The proposed rule is scheduled to be officially published on October 12, 2017. There will be a 15-day period for comments on the proposal to extend the applicability date. There will also be a 60-day period to submit “comments providing data and otherwise germane to the examination of the merits of rescinding, modifying, or retaining the rule[.]” Continue Reading

ERISA § 502(c)(1) Claim for Statutory Penalties is Barred by One-Year Statute of Limitations, Second Circuit Holds

Deciding an issue of first impression, the U.S. Court of Appeals for the Second Circuit recently held that a plaintiff’s claim under ERISA § 502(c)(1) was barred by Connecticut’s one-year statute of limitations for an action seeking to collect a statutorily-imposed civil penalty. Brown v. Rawlings Fin. Servs. LLC, (2d. Cir., 8/22/17) (Jacobs, Leval, Raggi, Js.).

Plaintiff, a plan participant, had filed suit against Rawlings, Aetna, and the William W. Backus Hospital claiming that they had failed to timely respond to her request for documents concerning her healthcare benefit plan. The defendants moved to dismiss her complaint on the ground that the suit was not timely filed, and the District Court granted the motion. Plaintiff thereafter appealed to the Second Circuit, arguing that the District Court had applied the incorrect limitations period. Continue Reading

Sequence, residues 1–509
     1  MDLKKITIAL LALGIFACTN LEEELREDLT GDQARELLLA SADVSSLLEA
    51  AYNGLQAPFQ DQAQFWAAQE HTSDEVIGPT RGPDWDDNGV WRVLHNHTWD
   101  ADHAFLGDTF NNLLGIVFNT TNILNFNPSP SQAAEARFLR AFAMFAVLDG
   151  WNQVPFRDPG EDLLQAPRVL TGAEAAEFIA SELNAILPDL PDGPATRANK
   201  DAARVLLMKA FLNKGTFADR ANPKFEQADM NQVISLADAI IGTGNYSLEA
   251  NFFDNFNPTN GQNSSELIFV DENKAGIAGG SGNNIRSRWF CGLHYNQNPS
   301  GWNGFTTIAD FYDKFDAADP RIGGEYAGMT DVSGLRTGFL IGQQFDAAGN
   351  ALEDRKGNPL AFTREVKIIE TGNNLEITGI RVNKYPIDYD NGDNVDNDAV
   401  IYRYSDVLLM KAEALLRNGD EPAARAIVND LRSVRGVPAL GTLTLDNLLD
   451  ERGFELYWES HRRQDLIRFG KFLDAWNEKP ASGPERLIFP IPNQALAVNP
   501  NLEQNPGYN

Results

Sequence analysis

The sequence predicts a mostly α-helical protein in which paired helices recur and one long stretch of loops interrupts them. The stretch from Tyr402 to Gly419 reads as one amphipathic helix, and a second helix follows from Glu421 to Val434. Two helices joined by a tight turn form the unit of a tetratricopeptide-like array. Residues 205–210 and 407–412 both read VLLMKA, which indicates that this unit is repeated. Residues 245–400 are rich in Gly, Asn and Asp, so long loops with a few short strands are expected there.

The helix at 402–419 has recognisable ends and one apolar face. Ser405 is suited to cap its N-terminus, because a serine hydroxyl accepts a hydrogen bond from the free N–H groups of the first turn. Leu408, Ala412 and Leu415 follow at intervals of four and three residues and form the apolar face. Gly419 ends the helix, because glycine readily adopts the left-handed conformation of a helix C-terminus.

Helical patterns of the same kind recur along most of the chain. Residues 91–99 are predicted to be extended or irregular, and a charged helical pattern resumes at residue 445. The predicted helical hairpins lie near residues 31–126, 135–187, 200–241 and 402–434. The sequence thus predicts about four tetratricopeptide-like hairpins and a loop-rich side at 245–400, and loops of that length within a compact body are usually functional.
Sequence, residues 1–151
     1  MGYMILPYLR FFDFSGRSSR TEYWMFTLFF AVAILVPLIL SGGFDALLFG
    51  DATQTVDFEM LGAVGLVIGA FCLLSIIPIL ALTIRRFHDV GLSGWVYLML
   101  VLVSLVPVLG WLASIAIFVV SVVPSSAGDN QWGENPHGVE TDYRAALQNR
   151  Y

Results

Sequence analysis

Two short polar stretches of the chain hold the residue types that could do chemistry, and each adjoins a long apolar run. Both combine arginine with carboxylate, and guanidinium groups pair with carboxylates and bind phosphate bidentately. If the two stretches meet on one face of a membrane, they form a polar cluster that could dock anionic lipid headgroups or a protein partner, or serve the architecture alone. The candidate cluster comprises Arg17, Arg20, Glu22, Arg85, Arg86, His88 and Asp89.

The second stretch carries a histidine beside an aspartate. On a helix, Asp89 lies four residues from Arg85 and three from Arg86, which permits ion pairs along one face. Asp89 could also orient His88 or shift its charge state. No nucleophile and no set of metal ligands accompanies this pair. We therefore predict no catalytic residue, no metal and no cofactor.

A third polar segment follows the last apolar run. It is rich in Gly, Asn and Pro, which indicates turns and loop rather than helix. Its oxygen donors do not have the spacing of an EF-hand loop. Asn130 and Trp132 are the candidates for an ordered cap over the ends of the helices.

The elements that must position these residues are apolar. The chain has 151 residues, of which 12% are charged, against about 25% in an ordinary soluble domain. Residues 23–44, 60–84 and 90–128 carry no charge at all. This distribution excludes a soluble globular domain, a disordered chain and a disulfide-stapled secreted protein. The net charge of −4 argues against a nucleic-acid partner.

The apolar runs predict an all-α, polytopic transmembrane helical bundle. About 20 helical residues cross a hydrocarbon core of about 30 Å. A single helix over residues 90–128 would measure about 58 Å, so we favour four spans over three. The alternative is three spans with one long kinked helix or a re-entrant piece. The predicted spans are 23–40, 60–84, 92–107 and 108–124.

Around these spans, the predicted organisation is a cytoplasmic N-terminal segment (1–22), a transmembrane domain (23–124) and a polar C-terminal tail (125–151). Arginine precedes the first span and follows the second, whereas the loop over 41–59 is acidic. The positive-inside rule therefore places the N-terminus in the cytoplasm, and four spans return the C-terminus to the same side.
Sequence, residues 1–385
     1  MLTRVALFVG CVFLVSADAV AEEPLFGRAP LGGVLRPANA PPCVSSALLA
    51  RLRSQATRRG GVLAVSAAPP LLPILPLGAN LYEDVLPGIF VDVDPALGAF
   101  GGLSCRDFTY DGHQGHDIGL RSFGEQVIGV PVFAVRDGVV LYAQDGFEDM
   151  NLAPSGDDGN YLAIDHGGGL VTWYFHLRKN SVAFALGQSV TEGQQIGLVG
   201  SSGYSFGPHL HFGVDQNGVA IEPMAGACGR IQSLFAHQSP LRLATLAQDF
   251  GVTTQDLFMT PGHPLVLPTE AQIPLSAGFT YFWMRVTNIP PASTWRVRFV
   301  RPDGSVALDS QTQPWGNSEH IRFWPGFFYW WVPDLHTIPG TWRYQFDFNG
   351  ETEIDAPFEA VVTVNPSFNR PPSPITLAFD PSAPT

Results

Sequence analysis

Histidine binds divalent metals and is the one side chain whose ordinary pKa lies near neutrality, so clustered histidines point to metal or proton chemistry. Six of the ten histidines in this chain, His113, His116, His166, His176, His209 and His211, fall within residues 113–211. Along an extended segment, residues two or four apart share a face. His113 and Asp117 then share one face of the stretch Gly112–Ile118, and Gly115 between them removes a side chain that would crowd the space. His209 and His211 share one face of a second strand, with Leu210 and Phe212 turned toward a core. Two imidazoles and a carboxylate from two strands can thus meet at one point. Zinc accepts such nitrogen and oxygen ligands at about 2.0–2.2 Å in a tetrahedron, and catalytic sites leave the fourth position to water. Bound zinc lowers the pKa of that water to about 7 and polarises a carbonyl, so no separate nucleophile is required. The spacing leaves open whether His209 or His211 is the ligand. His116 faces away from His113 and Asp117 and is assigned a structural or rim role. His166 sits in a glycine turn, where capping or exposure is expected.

DOL Seeks to Extend Transition Period under the Fiduciary Rule

The U.S. Department of Labor (DOL) has filed a proposal with the Office of Management and Budget (OMB) to delay implementation of the following exemptions under the fiduciary rule from January 1, 2018 to July 1, 2019:

  • Best Interest Contract Exemption (PTE 2016-01)
  • Class Exemption for Principal Transactions in Certain Assets Between Investment Advice Fiduciaries and Employee Benefit Plans and IRAs (PTE 2016-02)
  • Prohibited Transaction Exemption 84-24 for Certain Transactions Involving Insurance Agents and Brokers, Pension Consultants, Insurance Companies, and Investment Company Principal Underwriters (PTE 84-24)

This development was publicized by the DOL in a notice of administrative action submitted by its attorneys to the U.S. District Court for the District of Minnesota in one of several antifiduciary rule cases currently pending. Notification of the submission to the OMB becomes publicly available the morning following the submission, which will bring additional details to this delay.

Department of Labor Secretary Acosta Announces Partial Implementation of the Fiduciary Rule

On May 22, 2017, Department of Labor (DOL) Secretary Alexander Acosta announced in an op-ed in the Wall Street Journal that the DOL will not issue another delay of the “fiduciary rule,” set to become generally effective on June 9, 2017. Secretary Acosta stated on Monday evening that “[w]e have carefully considered the record in this case…and have found no principled legal basis to change the June 9 date while we seek public input.”